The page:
That is part of what politics is about. Let your leaders learn to be smart. How many times do they have to fall prey to the same person (Governor Biya)? When a strategy is not working you change course. That doesn`t seem to be the case with your politicians.

What happened to the demand for a Sovereign National Conference in the 1990s? They settle for Tripartite Talks and turn around and complained.

After taking part in the creation of ELECAM now they are placing the same complain.

“The SDF can NEVER win elections in Cameroon with or without ELECAM. If that must happen, then NOT Biya's era. Quote me anywhere!”

Akoson, anyone who doubt your statement should consult the results above and analysis the trend from 1992. I know there are some of us who have a vision that your statement is not true. From which provinces are those votes going to come to get t majority in any election. How do they do the math? The laws in La Republique including electoral Laws are under the control of the Head of State. He can hire and fire at will. He can even dissolve parliament. As long as those laws are in place he can alway will the results of any election.



Hi Tayong,
Honestly speaking ELECAM is not IEC. But then, which way forward? Fold our arms & pray the Almighty God to help us? Don't they say God help those who help themselves? In other words making some good out of a bad thing.

What I'm saying is that if ELECAM can register Cameroonians of voting age & their cards given, we're as good winning the forthcoming elections. You'd know that the worst part of rigging is during registration. If we overcome this under ELECAM, the rest will be handled by our members in the field. Just imagine that we've between 8 to 9 million registered Cameroonians & about 8 million succeed in casting their votes.........then, we're as sure as forming the 1st ever people-oriented government since Independence & Reunification.

I know what I'm saying because I'm constantly in the field feeling the heartbeats of Cameroonians yearning for change. The slightest fairness, RDPC is out of power for good - that is why they believe in doing things "progressively" a.k.a within 18 months.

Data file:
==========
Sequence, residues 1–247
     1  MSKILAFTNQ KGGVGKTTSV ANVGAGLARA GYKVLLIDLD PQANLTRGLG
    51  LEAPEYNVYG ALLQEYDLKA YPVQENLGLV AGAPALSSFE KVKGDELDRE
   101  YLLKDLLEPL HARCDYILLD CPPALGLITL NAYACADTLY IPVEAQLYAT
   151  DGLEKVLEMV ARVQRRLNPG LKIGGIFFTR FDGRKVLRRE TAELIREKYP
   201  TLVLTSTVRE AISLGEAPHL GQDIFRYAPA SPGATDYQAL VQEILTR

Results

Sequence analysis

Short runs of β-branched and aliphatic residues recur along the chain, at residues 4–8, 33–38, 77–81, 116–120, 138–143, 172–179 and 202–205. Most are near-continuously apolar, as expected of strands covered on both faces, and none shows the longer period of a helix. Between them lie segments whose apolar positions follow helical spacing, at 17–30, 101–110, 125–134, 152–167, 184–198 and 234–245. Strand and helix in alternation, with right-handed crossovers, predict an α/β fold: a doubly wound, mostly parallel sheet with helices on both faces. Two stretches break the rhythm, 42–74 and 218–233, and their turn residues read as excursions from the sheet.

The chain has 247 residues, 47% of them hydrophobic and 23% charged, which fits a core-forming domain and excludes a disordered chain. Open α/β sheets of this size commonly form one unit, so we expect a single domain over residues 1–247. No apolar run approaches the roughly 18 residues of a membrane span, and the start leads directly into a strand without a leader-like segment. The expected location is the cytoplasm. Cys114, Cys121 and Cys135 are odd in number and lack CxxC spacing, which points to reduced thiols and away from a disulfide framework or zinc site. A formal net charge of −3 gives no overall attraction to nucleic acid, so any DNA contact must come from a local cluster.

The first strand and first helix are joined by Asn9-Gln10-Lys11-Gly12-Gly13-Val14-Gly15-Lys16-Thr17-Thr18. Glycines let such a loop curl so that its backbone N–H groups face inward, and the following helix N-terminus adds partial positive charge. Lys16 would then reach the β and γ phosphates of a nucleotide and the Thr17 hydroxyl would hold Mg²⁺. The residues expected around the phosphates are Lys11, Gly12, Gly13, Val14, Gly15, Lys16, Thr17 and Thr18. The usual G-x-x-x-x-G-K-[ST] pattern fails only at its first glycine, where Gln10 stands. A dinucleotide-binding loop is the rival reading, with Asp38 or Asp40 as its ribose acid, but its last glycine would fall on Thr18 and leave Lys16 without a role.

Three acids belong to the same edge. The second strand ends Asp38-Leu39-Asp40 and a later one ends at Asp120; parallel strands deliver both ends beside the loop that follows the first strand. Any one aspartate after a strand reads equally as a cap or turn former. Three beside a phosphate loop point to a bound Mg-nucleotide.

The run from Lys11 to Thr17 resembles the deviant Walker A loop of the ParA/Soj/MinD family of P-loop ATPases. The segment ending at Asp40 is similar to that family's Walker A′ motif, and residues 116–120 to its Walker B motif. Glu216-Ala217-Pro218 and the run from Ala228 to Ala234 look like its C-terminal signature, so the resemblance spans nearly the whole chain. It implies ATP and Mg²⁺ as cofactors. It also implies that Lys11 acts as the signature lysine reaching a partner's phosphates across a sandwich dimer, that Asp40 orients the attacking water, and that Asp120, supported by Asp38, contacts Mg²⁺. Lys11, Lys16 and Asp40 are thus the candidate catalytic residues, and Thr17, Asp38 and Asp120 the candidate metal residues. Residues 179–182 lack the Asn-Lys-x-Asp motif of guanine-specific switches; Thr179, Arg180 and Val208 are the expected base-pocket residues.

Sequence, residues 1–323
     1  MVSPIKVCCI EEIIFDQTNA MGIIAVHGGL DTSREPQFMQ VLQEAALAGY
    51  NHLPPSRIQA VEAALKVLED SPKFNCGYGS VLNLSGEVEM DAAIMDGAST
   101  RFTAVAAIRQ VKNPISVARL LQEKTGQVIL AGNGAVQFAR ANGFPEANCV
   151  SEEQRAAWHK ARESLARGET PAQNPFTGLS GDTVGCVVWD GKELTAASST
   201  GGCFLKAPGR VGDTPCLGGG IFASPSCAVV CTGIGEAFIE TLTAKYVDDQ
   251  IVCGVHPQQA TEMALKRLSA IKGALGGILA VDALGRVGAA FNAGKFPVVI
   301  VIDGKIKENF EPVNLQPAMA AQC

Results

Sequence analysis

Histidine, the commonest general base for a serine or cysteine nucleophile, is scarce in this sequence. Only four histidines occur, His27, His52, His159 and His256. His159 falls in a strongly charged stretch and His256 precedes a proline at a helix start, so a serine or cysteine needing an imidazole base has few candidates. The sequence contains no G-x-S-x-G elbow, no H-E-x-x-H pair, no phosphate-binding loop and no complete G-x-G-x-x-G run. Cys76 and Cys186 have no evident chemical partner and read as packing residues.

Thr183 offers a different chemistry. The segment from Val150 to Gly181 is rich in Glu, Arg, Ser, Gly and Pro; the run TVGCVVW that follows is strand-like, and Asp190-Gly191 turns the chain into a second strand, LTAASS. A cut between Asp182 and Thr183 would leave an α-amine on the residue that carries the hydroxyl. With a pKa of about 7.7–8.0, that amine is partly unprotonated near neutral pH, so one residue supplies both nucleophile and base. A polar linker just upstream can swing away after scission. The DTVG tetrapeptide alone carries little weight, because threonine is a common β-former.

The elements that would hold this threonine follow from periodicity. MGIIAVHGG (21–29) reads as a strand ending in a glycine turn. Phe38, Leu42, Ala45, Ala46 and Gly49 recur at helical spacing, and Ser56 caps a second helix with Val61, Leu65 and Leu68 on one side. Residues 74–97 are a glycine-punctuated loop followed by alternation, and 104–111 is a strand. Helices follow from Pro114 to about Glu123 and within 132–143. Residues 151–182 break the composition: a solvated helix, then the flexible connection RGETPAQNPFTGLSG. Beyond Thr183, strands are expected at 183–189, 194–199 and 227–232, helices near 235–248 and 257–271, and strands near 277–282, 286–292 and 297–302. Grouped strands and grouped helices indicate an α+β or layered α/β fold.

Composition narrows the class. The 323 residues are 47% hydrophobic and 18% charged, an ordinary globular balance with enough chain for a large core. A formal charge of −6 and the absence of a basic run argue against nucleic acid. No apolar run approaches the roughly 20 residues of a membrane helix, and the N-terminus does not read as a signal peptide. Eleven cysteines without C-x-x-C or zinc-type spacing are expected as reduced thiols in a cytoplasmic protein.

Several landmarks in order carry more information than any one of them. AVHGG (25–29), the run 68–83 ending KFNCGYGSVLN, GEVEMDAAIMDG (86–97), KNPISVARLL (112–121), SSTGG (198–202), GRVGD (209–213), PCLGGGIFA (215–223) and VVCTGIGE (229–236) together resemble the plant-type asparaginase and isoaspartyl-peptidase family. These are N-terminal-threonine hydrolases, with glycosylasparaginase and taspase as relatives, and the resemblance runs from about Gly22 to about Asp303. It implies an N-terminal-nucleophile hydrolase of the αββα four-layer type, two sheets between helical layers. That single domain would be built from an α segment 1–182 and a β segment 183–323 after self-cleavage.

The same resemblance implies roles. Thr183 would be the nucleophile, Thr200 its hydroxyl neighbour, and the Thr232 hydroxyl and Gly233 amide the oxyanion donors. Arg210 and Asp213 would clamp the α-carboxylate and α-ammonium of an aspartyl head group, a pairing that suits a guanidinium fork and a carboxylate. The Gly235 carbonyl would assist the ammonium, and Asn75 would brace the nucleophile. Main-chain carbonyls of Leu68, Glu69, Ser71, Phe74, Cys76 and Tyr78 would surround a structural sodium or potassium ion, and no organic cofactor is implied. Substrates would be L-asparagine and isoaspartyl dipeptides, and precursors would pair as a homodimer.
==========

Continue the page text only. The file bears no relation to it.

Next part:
If FRU NDI has failed as you're alluding, why not create your own party & correct him? Or simply mobilise the people & evict Biya from power. Remember that Kabila shadowed Tshisikedi because he (Tshisikedi) had "failed"?




M Nje,
Easier said than done! Our leaders will boycot elections,and are called names.They will go in for elections but are still called names.These our leaders are in serious need of strategies from your leaders,so make haste to outline the strategies now.We are tired of arm-chair criticisms without outlining the course the change of strategy has to take.If taking part in putting the Elecam in place is politics,then the SDF is playing it step by step,till the century it will find its way to power.I like challenging questions about the SDF,not vague sing-song about Fru Ndi,or the SDF,without any way forward.The SDF strategy is not working,but whose results has Biya been rigging? Your answer is as good as mine!


Little said than done. We shouldn't talk of Fru Ndi nor Paul Biya, who are very corrupt and undemocratized to the core.

The question I earlier put on this forum, what do we do to take what belong to us, The Southern Cameroons? Aren't we ashame that we speak, write, drink and sleep over our on destinies? What if we engage on a combat and take what belongs to us? People, we should remember that the so-called Biya nor Fru Ndi are there for their own gains and interests, I have no love nor respect for them, as time will come that they will decide what is right for them. I would like to urge any son and daugther of the struggle to take up arms and regain our land. Our wealth, natural resources, our images, reputations, prides and you name the rest are managed by so-call La Republique. Shame again to all those who are mere writers of confusion in this forum. If we have convictions to liberate and take what belongs to us, contact me SO IT WILL HAPPEN!!!


If you fight nor you don't fight to liberate our land from La Republique, we are going to die one day.
I will love to die as a hero than a coward and seeing our children downline begging for what belong to them. Watch Ma space!!


All what they have taken from us, we must destroy them, Presidency,Airports, Cartier Generale, Ministries, Roads, hospitals, Government offices, Markets, schools, a guerilla style will be implemented for them to feel that stealing is not good. How long have we been under bondages 44years (Long before I was born). Freedom has come and it comes in a nutshell.